All of our voices serve a purpose and we use them to help us through every day. I sing songs, divulge my passion, and vocalize my dedication to human rights.
But nothing lasts.
I grew up in a family of golden voices. My cousin is a famous Cambodian pop singer, I grew up listening to my mom sing, and in different Khmer ceremonies, my grandma uses her angelic voice to chant. My grandma is actually somewhat famous in our community for her voice. The local pagoda is near our house and sometimes she would sleep there, just so she could wake up and chant for everyone in the morning.
When I was about five, my mom left our hometown and, there I was with my grandma or Yay in Khmer. When I say I was with my grandma, I WAS. I went everywhere with her. I couldn’t even leave the house and play with my friends because I wouldn’t have enjoyed it.
I savored having a ritual every night before bed with Grandma. We laughed together, prayed together and even chanted together. I remember sitting there trying to imitate her golden voice. She was a mom and a best friend to me.
But nothing lasts.
Eight years ago it was a tragedy. One morning Grandma woke up and there was a change in her voice. She found it difficult to talk. She felt something was in her throat, blocking the fluency of her voice. She told me she’s going to get better, but I felt scared when it was confirmed by a doctor’s document that she was diagnosed with fluency disorder.
I remember being so confused about what was going on.
Days, weeks, and years after that there were no rituals, no laughter, and no more chants. Just silence. Grandma looked so miserable. She had lost her identity.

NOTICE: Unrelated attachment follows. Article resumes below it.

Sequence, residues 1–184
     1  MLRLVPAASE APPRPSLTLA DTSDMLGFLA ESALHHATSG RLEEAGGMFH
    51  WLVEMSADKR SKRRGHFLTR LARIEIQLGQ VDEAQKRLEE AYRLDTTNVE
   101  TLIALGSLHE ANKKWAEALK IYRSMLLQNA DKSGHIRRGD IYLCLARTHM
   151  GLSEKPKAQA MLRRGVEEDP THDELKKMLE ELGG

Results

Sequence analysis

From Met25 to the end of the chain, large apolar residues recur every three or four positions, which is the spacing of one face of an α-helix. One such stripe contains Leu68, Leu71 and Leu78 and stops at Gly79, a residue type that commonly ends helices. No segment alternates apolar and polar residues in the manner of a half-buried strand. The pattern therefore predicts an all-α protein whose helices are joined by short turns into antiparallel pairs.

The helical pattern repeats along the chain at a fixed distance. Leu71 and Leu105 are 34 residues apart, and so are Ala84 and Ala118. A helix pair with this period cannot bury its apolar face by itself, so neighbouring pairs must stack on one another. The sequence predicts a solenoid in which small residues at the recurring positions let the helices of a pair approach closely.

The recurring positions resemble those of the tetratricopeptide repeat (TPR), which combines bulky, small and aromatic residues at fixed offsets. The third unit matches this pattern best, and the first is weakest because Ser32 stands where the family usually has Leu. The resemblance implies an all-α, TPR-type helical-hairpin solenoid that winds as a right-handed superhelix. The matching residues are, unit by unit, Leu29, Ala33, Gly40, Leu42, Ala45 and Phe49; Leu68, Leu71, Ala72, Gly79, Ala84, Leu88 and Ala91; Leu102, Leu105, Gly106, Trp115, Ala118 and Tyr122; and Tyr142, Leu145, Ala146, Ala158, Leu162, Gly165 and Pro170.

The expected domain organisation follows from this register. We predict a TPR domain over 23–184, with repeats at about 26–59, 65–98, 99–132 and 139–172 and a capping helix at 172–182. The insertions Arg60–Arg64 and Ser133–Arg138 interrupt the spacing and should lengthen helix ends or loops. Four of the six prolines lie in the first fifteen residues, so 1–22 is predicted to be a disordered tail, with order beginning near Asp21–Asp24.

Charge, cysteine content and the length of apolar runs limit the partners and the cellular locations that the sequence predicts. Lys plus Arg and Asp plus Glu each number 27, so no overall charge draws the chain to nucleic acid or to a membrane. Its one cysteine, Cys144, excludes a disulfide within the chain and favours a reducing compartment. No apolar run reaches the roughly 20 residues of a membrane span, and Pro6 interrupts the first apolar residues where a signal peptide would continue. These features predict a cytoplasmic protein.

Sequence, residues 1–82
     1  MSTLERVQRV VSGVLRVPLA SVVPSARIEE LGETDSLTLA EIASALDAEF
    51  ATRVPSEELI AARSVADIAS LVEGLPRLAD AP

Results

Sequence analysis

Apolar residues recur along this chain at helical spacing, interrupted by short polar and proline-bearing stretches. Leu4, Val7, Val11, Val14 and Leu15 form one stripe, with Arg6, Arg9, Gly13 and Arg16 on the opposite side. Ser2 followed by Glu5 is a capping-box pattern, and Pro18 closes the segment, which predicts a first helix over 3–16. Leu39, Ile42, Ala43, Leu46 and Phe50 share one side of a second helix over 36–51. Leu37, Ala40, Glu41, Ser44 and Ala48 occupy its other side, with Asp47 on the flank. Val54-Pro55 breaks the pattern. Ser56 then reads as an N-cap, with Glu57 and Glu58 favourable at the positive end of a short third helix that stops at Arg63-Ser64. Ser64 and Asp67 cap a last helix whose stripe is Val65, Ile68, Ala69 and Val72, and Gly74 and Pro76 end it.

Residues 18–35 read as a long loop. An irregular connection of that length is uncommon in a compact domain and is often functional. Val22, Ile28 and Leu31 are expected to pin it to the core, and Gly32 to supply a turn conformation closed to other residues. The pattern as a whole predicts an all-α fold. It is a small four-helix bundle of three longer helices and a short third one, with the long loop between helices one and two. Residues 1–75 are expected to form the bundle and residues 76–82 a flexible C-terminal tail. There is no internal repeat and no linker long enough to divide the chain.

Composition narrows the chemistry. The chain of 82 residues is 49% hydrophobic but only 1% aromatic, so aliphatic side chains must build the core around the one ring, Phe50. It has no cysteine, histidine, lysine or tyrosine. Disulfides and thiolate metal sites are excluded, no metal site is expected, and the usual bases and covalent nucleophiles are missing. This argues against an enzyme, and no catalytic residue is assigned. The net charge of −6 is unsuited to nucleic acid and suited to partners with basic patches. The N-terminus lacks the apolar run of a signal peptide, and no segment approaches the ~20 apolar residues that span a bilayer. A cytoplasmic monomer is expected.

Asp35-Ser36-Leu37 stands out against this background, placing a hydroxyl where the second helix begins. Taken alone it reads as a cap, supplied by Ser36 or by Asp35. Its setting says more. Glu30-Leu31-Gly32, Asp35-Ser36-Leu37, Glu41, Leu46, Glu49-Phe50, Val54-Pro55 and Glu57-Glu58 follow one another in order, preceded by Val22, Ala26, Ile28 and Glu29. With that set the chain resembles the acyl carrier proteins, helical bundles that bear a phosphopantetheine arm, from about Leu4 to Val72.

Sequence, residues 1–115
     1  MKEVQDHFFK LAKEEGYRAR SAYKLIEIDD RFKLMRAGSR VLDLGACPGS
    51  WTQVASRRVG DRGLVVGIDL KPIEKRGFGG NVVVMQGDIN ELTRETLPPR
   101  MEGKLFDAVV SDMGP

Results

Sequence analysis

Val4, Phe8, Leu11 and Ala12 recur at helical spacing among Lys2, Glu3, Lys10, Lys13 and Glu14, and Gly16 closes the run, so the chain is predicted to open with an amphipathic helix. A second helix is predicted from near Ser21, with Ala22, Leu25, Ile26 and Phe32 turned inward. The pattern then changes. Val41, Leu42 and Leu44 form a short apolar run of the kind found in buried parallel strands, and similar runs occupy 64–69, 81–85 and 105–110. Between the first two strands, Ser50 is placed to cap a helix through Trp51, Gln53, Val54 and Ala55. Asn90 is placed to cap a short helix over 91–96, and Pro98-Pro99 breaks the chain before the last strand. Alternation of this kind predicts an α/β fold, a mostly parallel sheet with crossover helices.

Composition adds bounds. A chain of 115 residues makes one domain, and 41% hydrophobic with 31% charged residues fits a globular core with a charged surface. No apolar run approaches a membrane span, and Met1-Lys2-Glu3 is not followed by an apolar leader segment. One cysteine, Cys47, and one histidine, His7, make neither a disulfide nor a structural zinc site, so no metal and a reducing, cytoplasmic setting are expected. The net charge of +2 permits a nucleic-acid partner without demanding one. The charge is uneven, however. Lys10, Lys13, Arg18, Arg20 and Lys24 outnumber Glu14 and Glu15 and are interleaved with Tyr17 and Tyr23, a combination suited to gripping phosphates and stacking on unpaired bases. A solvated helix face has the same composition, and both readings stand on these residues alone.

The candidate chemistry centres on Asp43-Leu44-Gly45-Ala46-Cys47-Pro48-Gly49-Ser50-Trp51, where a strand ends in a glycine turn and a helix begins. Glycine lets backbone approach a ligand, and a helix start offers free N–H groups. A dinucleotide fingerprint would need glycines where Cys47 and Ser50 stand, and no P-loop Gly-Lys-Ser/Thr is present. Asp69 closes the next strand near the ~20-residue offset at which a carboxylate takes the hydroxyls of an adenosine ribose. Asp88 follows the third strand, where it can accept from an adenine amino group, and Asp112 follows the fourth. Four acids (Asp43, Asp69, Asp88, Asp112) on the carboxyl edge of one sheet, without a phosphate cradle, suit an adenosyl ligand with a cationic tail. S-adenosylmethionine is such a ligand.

Grandma lost the power of her angelic voice, but she’s still a superwoman with the power that blesses my heart every single day. And lucky enough she’s still with me every single day stronger than ever at 79 years old.
Since her diagnosis, I realized that in order to make my family happy and to carry on the family tradition, I have to find my own voice. Initially, I didn’t know what to do, so I sang. I thought that was the only way of being vocal. I was never aware that this world is more than blue skies, clear oceans, and emerald jungles until three years after Grandma’s tragedy. I realized that the world can be pretty complex with unsolved puzzles and so I switched from focusing so much on singing for my own sake to making my voice more useful in different ways.
Grandma’s voice meant something to my hometown. So I want mine to mean something. I want to use my voice to change the world. Being able to have a voice is important. I am privileged enough to have grown up in a family where our voices feed us every day.
So I decided that it was time for me to go on a journey to find my voice.
At first, this adventure started a little rough. It all started when I discovered my deepest and most important secret at the age of thirteen. I was curious, confused and an utter mess. I found out that I am bisexual. Since then, I was pretty vocal in making my voice heard. Living in a country where LGBTQ is not fully accepted nor understood, I had no choice but to fight for myself with love and acceptance. I did a TedTalk back in 2017 to convey my passion for human rights and encouraging everyone, especially those who are different to discover their own voice. I felt so proud after the talk, but I was extremely guilty at the same time. I realized that telling people to be strong, to have high self-esteem and to discover their own voice is easy, but what’s hard is to actually do it yourself. Clearly, there were hesitations with my decisions in being vocal but as soon as I think about grandma the hesitations disappeared. I felt the need to make my voice heard more and more every single day.
About a month ago I was apart of creating a feature film internship where I get to sing. That was an opportunity for me to keep exploring my voice as a family tradition. I still very much love to sing and started to write more personal songs in order to hopefully inspire other people with those lyrics and melodies.
This is the journey of finding my voice. I want to empower everyone to find the treasure in their own voice. I believe that as long as we can find that gold, we can use it to better our world.